Easton Mountain Products CTR 70 Trekking Poles review

Easton is a name straight from my childhood when I played baseball from little league through high school. Turns out the company has been making much more than just aluminum bats over the years, and have notably been behind the scenes manufacturing all kinds of products for other outdoor recreation companies, like tent poles (and they’ve been doing it since 1922!) Well Easton Mountain Products is breaking out into the outdoor rec world with their own line of tents, snowshoes and poles, like the CTR-70 trekking poles.

Easton Mountain Products CTR-70 trekking poles.

The Easton CTR-70 trekking poles are adjustable, durable, and lightweight due to being made of carbon. Other features include Rock-Lock™ clamps to lock in the tiered segments, a large grip constructed with EVA foam, and a really thick wrist strap that is downright luxurious. The CTR-70 poles are even included with powder baskets so they can be used for both summer hikes as well as winter snowshoe adventures.

So how do the Easton CTR-70 trekking poles stack up? I took them out on desert hikes in southern Utah, mountain jaunts in the Wastach, and while snowshoeing with the dog in Mill Creek and Neffs Canyon. Overall, I’d say they are rock solid, despite a few minor hiccups along the way.

The best thing about these poles that make them stand apart from the rest is the cushy grips and wrist straps. I’ve used poles for most long-distance or steep hikes because of poor knees, and it’s been medically proven that poles take something like 30% of the weight off your legs (don’t recall the actual figure.) In any case, poles do make the body feel more balanced, especially when coming back down a steep trail. But what you gain in support, you lose in comfort through the hands and wrists. But with the Easton CTR-70 poles, my hands felt totally comfy on the grips, and the wide, cushioned wrist straps never chafed, which was always the curse of old ski poles re-purposed as hiking sticks.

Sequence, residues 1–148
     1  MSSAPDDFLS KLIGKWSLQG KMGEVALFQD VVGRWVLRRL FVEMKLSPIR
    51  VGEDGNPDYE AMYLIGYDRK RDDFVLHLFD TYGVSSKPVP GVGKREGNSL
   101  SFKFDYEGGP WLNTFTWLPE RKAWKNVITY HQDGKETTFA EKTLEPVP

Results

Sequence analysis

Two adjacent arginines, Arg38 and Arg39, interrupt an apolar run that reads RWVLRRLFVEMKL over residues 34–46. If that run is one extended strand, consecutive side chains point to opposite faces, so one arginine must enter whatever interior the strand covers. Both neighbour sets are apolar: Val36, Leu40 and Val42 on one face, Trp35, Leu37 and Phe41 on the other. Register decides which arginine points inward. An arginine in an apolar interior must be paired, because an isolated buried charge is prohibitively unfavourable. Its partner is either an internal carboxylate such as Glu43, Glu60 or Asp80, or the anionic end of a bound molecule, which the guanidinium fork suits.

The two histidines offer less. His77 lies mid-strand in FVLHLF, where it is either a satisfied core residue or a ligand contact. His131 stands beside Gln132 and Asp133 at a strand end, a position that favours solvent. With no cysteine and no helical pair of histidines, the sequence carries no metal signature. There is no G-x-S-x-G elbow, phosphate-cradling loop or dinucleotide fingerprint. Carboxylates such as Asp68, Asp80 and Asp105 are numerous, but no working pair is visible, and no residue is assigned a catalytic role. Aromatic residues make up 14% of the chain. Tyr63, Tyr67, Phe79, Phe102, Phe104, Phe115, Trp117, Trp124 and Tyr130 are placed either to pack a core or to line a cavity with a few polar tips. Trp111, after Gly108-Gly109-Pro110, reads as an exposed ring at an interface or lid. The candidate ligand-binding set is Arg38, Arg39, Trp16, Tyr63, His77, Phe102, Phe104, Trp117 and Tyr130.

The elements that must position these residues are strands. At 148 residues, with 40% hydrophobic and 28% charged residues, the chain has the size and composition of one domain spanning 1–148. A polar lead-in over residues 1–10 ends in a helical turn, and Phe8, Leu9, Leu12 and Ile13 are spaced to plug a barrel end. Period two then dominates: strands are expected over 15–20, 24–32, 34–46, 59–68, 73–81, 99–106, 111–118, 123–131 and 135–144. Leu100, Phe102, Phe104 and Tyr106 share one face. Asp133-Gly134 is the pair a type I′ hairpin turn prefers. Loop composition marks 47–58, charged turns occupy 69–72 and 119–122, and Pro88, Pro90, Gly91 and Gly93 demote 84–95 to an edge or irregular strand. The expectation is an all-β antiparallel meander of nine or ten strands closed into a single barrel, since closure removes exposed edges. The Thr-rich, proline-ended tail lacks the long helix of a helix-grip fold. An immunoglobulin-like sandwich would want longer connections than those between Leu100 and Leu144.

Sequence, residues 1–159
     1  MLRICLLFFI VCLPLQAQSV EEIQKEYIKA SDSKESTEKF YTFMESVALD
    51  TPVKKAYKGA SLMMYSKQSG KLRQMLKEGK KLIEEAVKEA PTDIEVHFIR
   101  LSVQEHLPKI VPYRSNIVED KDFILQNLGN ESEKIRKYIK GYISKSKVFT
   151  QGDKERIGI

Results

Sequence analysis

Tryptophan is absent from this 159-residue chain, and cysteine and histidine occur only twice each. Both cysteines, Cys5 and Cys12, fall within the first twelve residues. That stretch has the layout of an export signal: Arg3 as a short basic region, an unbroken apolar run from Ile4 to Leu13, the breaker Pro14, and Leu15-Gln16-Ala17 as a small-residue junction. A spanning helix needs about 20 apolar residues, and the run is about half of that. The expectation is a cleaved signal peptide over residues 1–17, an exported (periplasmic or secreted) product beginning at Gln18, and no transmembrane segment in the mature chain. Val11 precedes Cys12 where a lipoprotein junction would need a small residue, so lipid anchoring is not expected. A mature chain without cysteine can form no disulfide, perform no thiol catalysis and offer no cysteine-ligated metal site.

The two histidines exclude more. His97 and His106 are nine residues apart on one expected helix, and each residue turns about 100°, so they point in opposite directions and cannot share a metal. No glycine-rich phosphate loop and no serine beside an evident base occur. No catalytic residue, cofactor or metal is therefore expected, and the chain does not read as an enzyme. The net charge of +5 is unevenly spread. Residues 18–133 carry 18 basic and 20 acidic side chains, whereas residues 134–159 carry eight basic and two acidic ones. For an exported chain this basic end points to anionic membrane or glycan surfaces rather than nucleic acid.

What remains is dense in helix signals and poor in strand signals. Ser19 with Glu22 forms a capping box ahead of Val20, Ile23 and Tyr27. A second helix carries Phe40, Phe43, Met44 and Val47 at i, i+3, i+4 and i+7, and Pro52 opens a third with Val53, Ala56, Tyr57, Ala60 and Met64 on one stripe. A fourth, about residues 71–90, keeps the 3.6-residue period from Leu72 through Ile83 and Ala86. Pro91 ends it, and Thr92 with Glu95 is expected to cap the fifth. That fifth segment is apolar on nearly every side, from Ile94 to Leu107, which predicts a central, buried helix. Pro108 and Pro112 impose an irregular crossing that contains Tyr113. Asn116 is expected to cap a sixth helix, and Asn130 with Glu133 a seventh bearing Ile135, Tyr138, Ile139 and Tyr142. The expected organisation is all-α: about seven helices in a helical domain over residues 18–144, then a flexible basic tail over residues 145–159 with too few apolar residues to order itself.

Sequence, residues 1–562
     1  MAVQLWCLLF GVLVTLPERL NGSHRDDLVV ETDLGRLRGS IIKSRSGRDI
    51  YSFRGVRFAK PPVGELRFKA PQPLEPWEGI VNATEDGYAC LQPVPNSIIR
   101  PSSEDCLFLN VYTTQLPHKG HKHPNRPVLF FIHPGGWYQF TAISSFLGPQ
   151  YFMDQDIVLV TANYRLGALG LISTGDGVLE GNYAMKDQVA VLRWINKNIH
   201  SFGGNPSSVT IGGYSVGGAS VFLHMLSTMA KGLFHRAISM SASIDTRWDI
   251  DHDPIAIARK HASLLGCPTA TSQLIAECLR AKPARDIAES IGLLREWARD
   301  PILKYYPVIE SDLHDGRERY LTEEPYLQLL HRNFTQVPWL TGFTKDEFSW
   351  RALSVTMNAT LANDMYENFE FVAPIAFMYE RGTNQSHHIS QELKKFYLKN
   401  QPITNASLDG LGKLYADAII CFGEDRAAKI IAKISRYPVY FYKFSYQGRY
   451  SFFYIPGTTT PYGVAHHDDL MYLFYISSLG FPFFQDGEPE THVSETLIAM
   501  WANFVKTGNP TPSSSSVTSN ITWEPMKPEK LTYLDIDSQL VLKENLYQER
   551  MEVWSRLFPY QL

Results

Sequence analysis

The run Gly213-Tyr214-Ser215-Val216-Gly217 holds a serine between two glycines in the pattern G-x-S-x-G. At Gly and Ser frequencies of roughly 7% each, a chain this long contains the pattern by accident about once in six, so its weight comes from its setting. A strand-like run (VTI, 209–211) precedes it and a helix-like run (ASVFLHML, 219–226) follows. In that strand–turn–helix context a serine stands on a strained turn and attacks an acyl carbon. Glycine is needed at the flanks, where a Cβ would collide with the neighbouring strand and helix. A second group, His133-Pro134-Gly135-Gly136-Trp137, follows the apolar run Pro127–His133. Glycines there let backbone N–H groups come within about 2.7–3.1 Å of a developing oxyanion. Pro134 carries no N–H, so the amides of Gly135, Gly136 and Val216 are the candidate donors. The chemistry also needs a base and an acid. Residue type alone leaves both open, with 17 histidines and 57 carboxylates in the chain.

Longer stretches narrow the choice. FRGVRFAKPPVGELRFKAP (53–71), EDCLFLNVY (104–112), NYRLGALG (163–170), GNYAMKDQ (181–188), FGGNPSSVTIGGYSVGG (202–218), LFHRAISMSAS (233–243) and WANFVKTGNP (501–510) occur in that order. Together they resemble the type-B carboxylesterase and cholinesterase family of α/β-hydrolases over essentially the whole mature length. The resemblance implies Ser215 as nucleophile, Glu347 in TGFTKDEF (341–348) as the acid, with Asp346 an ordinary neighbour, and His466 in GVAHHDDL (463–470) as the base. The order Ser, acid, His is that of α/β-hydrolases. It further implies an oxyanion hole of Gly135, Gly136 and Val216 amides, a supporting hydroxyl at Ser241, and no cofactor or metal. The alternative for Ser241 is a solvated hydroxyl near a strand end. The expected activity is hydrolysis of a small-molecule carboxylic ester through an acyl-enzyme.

Cushy EVA foam grips and wide wrist straps on the Easton CTR-70 Trekking Poles.

That foamy grip doesn’t just live on the handles either. It runs halfway down the main shaft, so you have even more grip if you find yourself side-hilling or practically crawling up a boulder-strewn mountainside and suddenly need a shorter poles without  going through the effort of collapsing them.

Another nice feature of the CTR-70 poles is the sturdy lack of vibration that runs through them. Pole plant onto a rock, and the shock is absorbed by the carbon construction and those awesome EVA foam grips. This results in a more pleasant feeling all around when hiking, reducing fatigue and allowing you to hike longer.

Hiking steep trails in the Wasatch Mountains with the Easton CTR-70 poles.